In the ten years since the NC3Rs began, we have proved that cutting edge science and 3Rs advances go hand-in-hand. The environment has changed significantly and many scientists are now far more engaged with the 3Rs agenda; recognising the benefits of minimising animal numbers, improving welfare and searching for alternative approaches. This year’s annual report describes our various strategic approaches for driving change, including;
Our biggest milestone this year was the launch of ‘Our Vision 2015-2025’, which sets out our future plans around five ‘Ps’; Practice, Procedures, People, Places and Policy. Other highlights include the launch of our new website, an increased focus on public engagement activities, and our collaboration in a new national programme to drive business creation in the area of non-animal technologies.
Dr Vicky Robinson CBE, Chief Executive
Professor Stephen Holgate CBE, Board Chair
Vicky Robinson talks about this year's annual report
The ARRIVE guidelines are intended to improve the reporting of research using animals - maximising information published and minimising unnecessary studies. We are working with journals that have signed up to ARRIVE to encourage better enforcement of the guidelines' use by providing a checklist for authors, reviewers and editors.
We support research funders committed to high standards in animal studies by providing expert advice on the 3Rs. This mainly involves reviewing grant, fellowship and studentship proposals, prioritising those which involve non-human primates, cats, dogs or equines.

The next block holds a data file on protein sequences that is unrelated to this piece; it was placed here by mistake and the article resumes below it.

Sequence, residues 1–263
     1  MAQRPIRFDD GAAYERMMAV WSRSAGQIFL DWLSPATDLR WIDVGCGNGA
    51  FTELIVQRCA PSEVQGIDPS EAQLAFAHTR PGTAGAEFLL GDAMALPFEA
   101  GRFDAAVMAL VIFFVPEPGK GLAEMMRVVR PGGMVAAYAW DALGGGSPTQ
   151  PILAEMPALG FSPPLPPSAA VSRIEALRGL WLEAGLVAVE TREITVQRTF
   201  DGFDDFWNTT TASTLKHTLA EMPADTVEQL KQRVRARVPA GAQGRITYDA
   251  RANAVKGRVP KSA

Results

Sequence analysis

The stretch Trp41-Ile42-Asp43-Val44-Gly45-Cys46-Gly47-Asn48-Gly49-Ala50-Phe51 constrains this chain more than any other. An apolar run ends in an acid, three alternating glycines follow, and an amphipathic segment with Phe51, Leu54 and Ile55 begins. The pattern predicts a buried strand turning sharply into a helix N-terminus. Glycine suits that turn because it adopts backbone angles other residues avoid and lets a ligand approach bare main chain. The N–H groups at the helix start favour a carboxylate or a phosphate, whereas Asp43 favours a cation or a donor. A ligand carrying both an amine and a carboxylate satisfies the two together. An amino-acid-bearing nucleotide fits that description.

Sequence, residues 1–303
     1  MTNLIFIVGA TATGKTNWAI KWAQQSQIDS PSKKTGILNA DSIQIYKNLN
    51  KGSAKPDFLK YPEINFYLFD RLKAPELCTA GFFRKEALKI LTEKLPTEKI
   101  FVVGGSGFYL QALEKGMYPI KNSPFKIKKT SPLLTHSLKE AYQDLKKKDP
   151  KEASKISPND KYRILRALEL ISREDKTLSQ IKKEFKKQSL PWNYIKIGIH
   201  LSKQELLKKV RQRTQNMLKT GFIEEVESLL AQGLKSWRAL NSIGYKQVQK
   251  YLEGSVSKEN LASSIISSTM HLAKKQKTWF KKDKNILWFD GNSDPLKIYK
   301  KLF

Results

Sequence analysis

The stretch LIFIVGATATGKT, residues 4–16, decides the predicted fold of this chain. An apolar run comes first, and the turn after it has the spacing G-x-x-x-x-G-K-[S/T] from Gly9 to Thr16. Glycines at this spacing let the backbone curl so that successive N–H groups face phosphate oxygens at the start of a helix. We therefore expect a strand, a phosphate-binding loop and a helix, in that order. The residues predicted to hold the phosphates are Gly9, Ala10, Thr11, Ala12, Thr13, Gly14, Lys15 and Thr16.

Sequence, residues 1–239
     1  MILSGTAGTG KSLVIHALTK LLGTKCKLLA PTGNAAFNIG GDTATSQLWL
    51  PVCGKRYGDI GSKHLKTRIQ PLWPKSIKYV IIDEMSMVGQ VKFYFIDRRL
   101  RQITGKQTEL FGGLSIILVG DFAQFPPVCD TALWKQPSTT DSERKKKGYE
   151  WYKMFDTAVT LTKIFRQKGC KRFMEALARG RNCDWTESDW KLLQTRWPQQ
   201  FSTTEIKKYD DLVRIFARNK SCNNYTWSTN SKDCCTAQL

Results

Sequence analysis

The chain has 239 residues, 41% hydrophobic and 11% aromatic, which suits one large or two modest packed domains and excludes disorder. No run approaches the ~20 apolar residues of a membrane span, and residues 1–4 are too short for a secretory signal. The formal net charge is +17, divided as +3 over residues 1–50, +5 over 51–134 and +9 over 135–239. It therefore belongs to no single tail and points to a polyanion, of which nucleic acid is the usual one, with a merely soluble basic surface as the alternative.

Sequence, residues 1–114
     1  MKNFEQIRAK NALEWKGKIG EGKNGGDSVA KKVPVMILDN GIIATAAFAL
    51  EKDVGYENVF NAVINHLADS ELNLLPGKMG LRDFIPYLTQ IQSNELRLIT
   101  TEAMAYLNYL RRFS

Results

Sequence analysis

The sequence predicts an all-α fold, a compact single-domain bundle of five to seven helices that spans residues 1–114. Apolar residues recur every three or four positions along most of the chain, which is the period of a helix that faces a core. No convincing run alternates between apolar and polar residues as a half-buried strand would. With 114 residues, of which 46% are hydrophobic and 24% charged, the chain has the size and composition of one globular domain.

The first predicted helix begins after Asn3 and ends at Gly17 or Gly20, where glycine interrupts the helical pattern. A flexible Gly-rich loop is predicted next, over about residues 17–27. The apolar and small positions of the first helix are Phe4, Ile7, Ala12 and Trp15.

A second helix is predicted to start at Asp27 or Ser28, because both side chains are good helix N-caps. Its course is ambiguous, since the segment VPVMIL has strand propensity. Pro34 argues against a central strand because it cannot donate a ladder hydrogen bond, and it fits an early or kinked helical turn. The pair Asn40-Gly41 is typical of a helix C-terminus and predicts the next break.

In 2014, we reviewed over 60 research proposals submitted to the MRC, BBSRC and Wellcome Trust. Working with the AMRC, we held a second workshop on incorporating the 3Rs in the peer review process.
We began reviewing research proposals for AMRC charities in 2014. The EPSRC also joined our peer review service in 2014.
As part of our programme on experimental design we have worked with the MRC to strengthen the information on animal numbers that is required in grant applications. The revised guidance has been adopted by other Research Councils.
* Wellcome Trust includes joint initiatives with Indian Department of Biotechnology (DBT) and Kenyan Consortium for National Health Research (CNHR) ** Other includes the Royal Society and AMRC member charities
We have increased our focus on public engagement activities in 2014.
We introduced the Public Engagement Awards to support NC3Rs grant holders with outreach activities. We made seven awards for a range of activities, including events held at science museums and schools, as well as laboratory visits.